On the pettiness of suspicion of Petro Poroshenko
Yevgeniy Zakharov, Board Chairman of the Ukrainian Helsinki Human Rights Union, Director of the Kharkiv Human Rights Protection Group
On 20 December 2021 SBI and SBU notified Petro Poroshenko by mail of suspicion of treason. Later the text of the suspicion appeared in media.
As it turned out, Petro Poroshenko is accused of treason (Article 111 of the Criminal Code of Ukraine) and aiding and abetting the activities of a terrorist organization (Article 258-3 of the Criminal Code of Ukraine).
Essence of the suspicion
The investigation maintains that several high-ranking officials, Ukrainian citizens, have conspired to promote “terrorist organizations” in order to harm Ukraine’s territorial integrity, inviolability and defence capabilities. These high-ranking officials were Petro Poroshenko, Viktor Medvedchuk, former Energy Minister Volodymyr Demchyshyn, and Serhiy Kuzyara, allegedly responsible for communication with the “LPR/DPR”.
According to the investigation, in October 2014, representatives of the top military and political leadership of the Russian Federation decided to involve Viktor Medvedchuk in criminal activities.
Medvedchuk, assessing the complexity of the tasks set by the Russian Federation, under circumstances not established by the investigation, involved the then President of Ukraine, Petro Poroshenko, in the subversive activities.
The main subject of Poroshenko’s treason is the purchase of coal from Ukrainian enterprises, which they mined in the temporarily occupied territories of Luhansk and Donetsk oblasts.
According to the suspicion, Ukraine was critically dependent on coal mined by “L/DPR”, and the loss of part of Donetsk and Luhansk oblasts threatened a major energy crisis. To avoid a crisis, the government has decided to establish coal supplies from South Africa so as not to buy coal in the Russian Federation..
When the first consignments of coal from South Africa arrived in Ukraine in October and November, Medvedchuk and high-ranking Russian officials decided to cut off supplies from South Africa and establish supplies from “L/DPR”.
To implement this plan, Medvedchuk enlisted Poroshenko, who was to coordinate all decisions and exert administrative influence on executive officials who opposed the plan.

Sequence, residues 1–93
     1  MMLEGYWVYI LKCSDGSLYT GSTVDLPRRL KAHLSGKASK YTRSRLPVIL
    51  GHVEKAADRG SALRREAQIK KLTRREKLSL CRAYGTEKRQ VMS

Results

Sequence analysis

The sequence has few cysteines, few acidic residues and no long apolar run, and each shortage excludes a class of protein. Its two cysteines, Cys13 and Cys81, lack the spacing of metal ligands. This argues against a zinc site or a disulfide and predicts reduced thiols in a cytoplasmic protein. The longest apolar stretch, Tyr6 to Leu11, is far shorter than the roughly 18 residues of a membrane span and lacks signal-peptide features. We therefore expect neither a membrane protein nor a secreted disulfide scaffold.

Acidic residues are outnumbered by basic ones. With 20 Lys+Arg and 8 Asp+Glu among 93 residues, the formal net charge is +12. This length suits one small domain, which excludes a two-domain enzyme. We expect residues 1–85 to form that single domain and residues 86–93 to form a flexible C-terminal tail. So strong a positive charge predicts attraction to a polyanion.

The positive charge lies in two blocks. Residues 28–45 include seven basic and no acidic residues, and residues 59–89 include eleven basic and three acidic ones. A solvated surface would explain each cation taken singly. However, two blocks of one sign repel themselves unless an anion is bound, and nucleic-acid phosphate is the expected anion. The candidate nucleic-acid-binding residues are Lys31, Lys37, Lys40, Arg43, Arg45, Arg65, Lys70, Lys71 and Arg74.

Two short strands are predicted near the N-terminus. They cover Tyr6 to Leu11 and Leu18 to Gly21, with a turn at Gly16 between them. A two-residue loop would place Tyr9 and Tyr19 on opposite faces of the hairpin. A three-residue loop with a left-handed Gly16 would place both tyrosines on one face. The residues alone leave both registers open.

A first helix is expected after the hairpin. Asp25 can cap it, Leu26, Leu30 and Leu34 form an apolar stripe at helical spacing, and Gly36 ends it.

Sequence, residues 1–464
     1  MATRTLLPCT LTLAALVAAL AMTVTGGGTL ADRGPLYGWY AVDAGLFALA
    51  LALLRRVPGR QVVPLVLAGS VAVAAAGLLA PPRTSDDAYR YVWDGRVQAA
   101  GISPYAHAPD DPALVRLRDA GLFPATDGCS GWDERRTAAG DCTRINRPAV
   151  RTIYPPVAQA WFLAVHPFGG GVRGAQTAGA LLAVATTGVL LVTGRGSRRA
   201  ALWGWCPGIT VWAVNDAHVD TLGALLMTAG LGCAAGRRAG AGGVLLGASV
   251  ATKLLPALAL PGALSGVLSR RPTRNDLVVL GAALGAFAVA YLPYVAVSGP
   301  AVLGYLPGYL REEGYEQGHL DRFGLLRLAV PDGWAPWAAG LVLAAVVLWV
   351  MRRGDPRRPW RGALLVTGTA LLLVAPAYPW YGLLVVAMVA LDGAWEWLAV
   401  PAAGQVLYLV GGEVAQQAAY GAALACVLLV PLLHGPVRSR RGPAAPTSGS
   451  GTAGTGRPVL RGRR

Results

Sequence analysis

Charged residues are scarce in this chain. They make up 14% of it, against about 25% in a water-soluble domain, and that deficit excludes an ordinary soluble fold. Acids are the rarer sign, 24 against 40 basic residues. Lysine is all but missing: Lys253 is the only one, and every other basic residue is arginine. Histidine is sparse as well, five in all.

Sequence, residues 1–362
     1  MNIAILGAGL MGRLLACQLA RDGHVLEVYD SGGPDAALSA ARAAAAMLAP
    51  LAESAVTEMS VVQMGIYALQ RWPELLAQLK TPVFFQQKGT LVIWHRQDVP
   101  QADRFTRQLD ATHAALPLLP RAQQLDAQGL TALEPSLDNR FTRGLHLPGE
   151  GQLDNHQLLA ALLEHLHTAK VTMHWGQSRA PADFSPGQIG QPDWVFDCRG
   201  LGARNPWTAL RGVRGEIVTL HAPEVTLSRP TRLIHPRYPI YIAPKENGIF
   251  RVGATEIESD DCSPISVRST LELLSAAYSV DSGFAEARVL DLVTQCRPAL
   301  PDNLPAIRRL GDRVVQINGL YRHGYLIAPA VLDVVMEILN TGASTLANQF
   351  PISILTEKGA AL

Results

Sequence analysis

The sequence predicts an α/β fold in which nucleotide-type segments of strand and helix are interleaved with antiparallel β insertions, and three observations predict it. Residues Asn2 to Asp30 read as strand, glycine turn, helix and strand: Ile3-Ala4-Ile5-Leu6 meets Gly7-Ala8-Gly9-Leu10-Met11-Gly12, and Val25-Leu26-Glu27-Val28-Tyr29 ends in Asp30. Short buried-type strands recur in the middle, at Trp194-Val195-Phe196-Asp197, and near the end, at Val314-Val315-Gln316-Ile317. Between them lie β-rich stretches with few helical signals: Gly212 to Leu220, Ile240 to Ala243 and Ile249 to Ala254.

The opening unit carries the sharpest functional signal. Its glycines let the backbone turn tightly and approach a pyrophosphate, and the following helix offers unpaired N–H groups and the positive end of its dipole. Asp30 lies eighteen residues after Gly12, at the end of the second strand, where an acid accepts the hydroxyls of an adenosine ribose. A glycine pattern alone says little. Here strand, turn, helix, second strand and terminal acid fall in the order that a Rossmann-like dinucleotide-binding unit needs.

To implement this plan, Poroshenko convened a meeting of the National Security and Defence Council on November 4, 2014, where he questioned the quality of coal from South Africa. He allegedly gave verbal instructions to law enforcement agencies to check the quality of coal and the contract for the supply of coal. After the meeting of the National Security and Defence Council, law enforcement agencies began to check the contract and the quality of coal.
Because of that South Africa refused to supply coal to Ukraine.
According to the investigation, such actions of Poroshenko and Medvedchuk were aimed at organizing the supply of coal from “L/DPR”.
Volodymyr Demchyshyn, who was not against the purchase of coal from the temporarily occupied territories, was appointed Minister of Energy to organize coal supplies with “L/DPR”. Two mines were found in the temporarily occupied territory, they were officially registered in Ukraine, contracts were signed and coal was purchased.
Serhiy Kuzyara, whose actions were coordinated by Medvedchuk, was directly involved in the agreements with the “L/DPR” representatives in the temporarily occupied territories.
We would like to recall that Poroshenko is involved in about 20 criminal proceedings – from receiving a Tomos of OCU to bringing a collection of paintings to Ukraine. Only one case concerning Poroshenko appointing Serhiy Semochko as the first deputy head of the Foreign Intelligence Service made its way to the indictment. All, without exception, criminal proceedings were initiated after the coming to power of Volodymyr Zelensky’s team.
Analysis of the validity of the suspicion